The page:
No need to murder catgirls to resolve this one.

Blasphemies! Kill all the catgirls!


1 person marked this as a favorite.

Dunno AA, we're taking all the range increments here, not just 10. Early ICBMs had targeting errors of multiple kilometres. True strike might not be enough. Maybe give it some control surfaces and a suicidal AI?

Liberty's Edge

1 person marked this as a favorite.
Pathfinder Battles Case Subscriber; Pathfinder Companion, Maps, Pawns Subscriber; Pathfinder Roleplaying Game Superscriber; Starfinder Charter Superscriber

1: Spell duration shouldn't really be a problem once you realize there is no need to go that high up... terminal velocity can be reached from lower altitudes.

2: The optimum shape can be seen in the form which liquids (e.g. rain / tear drops) assume when falling... so the inverted cone idea is pretty close.

3: Casting Shrink Item on an object and then reversing it from high altitude would give you double the volume of material from a lower level spell.

You could also easily prepare a couple dozen such items and then scatter them over an area.

So yes, magic breaks things.


1 person marked this as a favorite.
blahpers wrote:

Both it and the planet would take 20d6 points of damage?

No need to murder catgirls to resolve this one.

As a small, dense object dropped from more than 150 feet up, it would do 4d6 points of damage (save for half).


I'd have to refer you to my profile for an answer, but given your description off the cuff I'd say nothing would happen at the ground but you'd see a pretty light in the sky a few days to a few weeks later (should the created material last that long).


Azothath wrote:
I'd have to refer you to my profile for an answer, but given your description off the cuff I'd say nothing would happen at the ground but you'd see a pretty light in the sky a few days to a few weeks later (should the created material last that long).

Given your reference to the content of your profile why do you respond to posts in the "Rules Questions" forum?


I suggest shaping it as a conic drill, so it can better pierce the havens on its way to the ground.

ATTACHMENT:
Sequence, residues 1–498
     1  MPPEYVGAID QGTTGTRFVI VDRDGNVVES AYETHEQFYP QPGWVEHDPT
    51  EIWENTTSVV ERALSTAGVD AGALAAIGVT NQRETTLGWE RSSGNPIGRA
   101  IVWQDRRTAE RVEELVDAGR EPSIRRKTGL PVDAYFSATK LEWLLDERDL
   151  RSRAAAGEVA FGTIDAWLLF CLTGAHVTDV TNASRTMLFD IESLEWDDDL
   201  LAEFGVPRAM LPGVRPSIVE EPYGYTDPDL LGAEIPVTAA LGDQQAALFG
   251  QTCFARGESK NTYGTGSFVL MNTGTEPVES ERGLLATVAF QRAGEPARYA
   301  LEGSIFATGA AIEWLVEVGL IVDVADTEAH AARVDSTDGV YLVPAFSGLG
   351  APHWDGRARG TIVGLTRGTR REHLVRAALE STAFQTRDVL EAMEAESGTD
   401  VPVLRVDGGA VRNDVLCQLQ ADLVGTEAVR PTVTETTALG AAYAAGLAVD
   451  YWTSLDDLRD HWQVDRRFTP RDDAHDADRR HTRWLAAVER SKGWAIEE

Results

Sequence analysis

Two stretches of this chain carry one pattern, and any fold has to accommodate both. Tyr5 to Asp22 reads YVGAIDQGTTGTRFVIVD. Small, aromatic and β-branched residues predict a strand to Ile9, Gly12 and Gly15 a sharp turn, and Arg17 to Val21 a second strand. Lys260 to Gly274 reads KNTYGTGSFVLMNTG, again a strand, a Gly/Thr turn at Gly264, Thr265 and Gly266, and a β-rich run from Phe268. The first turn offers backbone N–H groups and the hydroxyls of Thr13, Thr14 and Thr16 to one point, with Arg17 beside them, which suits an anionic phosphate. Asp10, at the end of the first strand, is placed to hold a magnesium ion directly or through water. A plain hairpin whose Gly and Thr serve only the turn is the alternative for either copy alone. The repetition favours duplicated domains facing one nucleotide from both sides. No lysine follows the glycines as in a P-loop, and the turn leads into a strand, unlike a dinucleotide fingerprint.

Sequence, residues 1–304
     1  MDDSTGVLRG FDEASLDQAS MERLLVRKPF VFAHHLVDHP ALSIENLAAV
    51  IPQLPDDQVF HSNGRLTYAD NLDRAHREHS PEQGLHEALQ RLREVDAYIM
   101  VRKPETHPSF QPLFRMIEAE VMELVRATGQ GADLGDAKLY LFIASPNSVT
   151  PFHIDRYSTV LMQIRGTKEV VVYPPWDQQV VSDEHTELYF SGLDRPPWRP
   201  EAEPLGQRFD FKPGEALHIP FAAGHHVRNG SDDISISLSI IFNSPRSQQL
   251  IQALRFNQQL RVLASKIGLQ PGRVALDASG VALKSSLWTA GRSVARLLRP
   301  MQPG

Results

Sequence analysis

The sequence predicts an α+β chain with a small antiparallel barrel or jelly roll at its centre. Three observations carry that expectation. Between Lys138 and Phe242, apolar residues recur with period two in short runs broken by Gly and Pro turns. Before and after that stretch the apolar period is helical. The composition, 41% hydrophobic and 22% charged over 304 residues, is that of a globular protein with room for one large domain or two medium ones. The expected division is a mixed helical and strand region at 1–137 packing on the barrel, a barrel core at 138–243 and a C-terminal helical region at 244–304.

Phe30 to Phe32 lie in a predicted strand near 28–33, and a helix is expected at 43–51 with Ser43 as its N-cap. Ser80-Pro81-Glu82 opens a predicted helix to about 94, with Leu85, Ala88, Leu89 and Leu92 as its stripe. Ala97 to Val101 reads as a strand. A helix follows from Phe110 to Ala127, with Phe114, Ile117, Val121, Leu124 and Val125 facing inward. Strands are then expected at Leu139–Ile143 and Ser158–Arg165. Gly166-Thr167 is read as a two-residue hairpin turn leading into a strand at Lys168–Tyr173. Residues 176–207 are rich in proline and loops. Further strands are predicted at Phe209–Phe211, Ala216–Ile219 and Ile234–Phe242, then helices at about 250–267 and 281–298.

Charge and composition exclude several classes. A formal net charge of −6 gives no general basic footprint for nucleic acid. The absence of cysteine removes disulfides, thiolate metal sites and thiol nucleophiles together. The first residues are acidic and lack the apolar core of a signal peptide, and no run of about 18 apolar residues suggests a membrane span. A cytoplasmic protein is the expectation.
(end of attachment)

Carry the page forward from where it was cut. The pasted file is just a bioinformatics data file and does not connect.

1 person marked this as a favorite.

You want a WMD, create the same amount of Dimethylmercury and drop it.

With enough altitude it should fall as a nice gentle mist.


1 person marked this as a favorite.

If we're abusing chemistry, I would recommend C2N14 except it would explode before hitting the ground. In fact, it would explode as soon as you finished casting a spell that makes it. Possibly before. I guess you could crank up abjurations and handle it personally.

Sovereign Court

Reverse Gravity cast a "merely" 10th level (did the numbers for PF 2.0, with a fixed 1 minute duration at 9.8 m/s^2) will launch something just **OVER 9000!!** feet in the air.

When the spell ends, it will fall approximately 2743m.

Assuming 155 pounds (70kg), the average weight of Dwarf male, the energy on impact would 1,881,698J, or 1,387,900 ft-lb in Freedom units.

Of course, this means that Reverse Gravity is a death spell when used outdoors, but that is not a lot of energy.

While this is not really that much energy (1kg of TNT is 4.8 megajoules), despite the big numbers, it can be used to set off explosives (with a Dwarf!) and as a time delay to cast Teleport to GTFO.


Sure if you ignore the area of effect and this partin the first paragraph of the description
"If an object or creature reaches the top of the area without striking anything, it remains there, oscillating slightly, until the spell ends. At the end of the spell duration, affected objects and creatures fall downward."


1 person marked this as a favorite.

1. Ready an action to dismiss reverse gravity just before a creature reaches the top of the area.
2. Friend bull-rushes foe into the area.
3. Foe falls upward.
4. Readied action goes off. Spell is dismissed. Momentum does its thing.
5. Everyone cries because by the time you have that spell, fall damage is a drop (ha!) in the bucket.


I don't know if this is possible in Goloion, but suppose you had a horizontal portal facing up and it's pair some distance above pointing down, and this was all in a vacuum. Now suppose you drop a weight perfectly aligned with the portals with no sideways velocity, it will fall forever, accelerating asymptomatically towards C. If the portal ever failed for some reason the results would be spectacular.


If the ring gates or whatever were misaligned at all (and you can't really align them much better than human vision will allow, even with Goggles of Minute Seeing) then eventually the weight will hit the edge of the portal and either head off at an angle or break the portal. Probably well before you get fun effects.


I see a lot of un-cited sources here. What's all this about terminal velocity and aerodynamics? I can't find it in any of the rule books.


If we're bringing momentum into the mix, you can't beat the old chain-of-peasants-passing-a-rock trick.


There's no guarantee that the final state of the object has the same velocity as the average needed to get to where it is. We would need a lot of details on what exactly goes on with the peasants themselves.

Community / Forums / Pathfinder / Pathfinder First Edition / Rules Questions / Pathfinder Weapon of Mass Destruction All Messageboards

Want to post a reply? Sign in.